The Price Negotiation Committees (PNCs) instituted by the defence ministry to hammer out contracts with foreign firms are to blame for such flawed transactions. Voluminous contracts are drawn up—the Rafale document reportedly exceeds 1,500 pages—but the use of indistinct language deliberately leaves large enough loopholes for even middling technologies, what to speak of the more sensitive “know why” knowledge, to be legitimately denied even as the suppliers pocket the monies the defence ministry is quick to disburse in full at the start. The PNCs need investigating, particularly for the vast leakage of the national wealth through this route.
A recent visit to HAL facilities by Dassault officials is a pointer to things to come. They complained to the US-based Defense News about the low productivity of HAL workforce and lack of economies of scale to argue that Indian-built Rafales will be costlier. Besides indicating that defence PSUs are not proficient in even the low-end screwdriver technology, the French hinted at further escalation of realistic cost beyond the presently estimated $30-$35 billion!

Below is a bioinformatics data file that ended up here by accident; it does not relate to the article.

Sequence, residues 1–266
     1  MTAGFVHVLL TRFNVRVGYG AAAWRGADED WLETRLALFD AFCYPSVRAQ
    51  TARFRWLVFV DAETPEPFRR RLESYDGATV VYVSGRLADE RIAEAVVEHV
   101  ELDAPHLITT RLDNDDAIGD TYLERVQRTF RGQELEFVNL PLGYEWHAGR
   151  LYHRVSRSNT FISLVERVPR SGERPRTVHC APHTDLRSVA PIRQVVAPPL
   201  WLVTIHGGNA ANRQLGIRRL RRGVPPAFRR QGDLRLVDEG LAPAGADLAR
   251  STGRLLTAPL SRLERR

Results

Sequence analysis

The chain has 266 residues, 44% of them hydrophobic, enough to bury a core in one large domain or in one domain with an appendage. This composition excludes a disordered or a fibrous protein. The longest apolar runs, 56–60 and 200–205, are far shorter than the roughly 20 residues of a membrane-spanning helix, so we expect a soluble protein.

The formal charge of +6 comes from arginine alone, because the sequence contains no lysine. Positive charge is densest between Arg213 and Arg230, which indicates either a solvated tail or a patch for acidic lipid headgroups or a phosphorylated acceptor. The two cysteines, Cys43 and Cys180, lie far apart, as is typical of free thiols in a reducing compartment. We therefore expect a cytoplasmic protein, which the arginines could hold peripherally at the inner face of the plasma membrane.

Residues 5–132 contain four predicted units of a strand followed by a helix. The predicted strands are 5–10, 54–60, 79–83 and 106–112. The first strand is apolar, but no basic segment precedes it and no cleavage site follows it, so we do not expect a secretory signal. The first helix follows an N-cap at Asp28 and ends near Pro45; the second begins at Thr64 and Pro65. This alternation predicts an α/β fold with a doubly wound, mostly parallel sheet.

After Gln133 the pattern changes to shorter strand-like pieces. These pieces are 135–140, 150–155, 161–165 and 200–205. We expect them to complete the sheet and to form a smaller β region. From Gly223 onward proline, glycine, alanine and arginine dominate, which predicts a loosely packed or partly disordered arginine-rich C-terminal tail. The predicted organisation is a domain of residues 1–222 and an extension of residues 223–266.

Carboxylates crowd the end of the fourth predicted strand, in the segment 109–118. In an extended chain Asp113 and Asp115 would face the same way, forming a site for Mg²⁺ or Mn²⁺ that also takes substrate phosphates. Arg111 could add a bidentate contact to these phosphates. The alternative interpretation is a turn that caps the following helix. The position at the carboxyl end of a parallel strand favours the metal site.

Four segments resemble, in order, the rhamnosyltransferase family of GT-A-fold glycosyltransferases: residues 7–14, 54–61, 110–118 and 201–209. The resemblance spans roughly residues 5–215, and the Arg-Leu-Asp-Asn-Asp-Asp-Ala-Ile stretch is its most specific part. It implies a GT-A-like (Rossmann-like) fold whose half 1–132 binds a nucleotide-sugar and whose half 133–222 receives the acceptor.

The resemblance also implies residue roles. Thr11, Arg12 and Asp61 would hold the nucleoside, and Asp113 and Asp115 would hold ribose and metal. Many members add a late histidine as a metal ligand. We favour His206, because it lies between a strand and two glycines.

Flawed contracts drafted by PNCs that do not insist on penalties for time and cost overruns, and on staggered payments to fit delivery schedules, moreover, substantiate the fear repeatedly voiced by this analyst, of manipulation of assembly kits and spares supply, for foreign/economic policy reasons by France to ground the IAF squadrons at any time, is real. Such apprehensions are sought to be doused by Paris claiming that owing to TOT India will achieve “industrial autonomy”. But considering the guaranteed high level of French content in the supposedly “indigenous” Rafales, this is a laughable claim.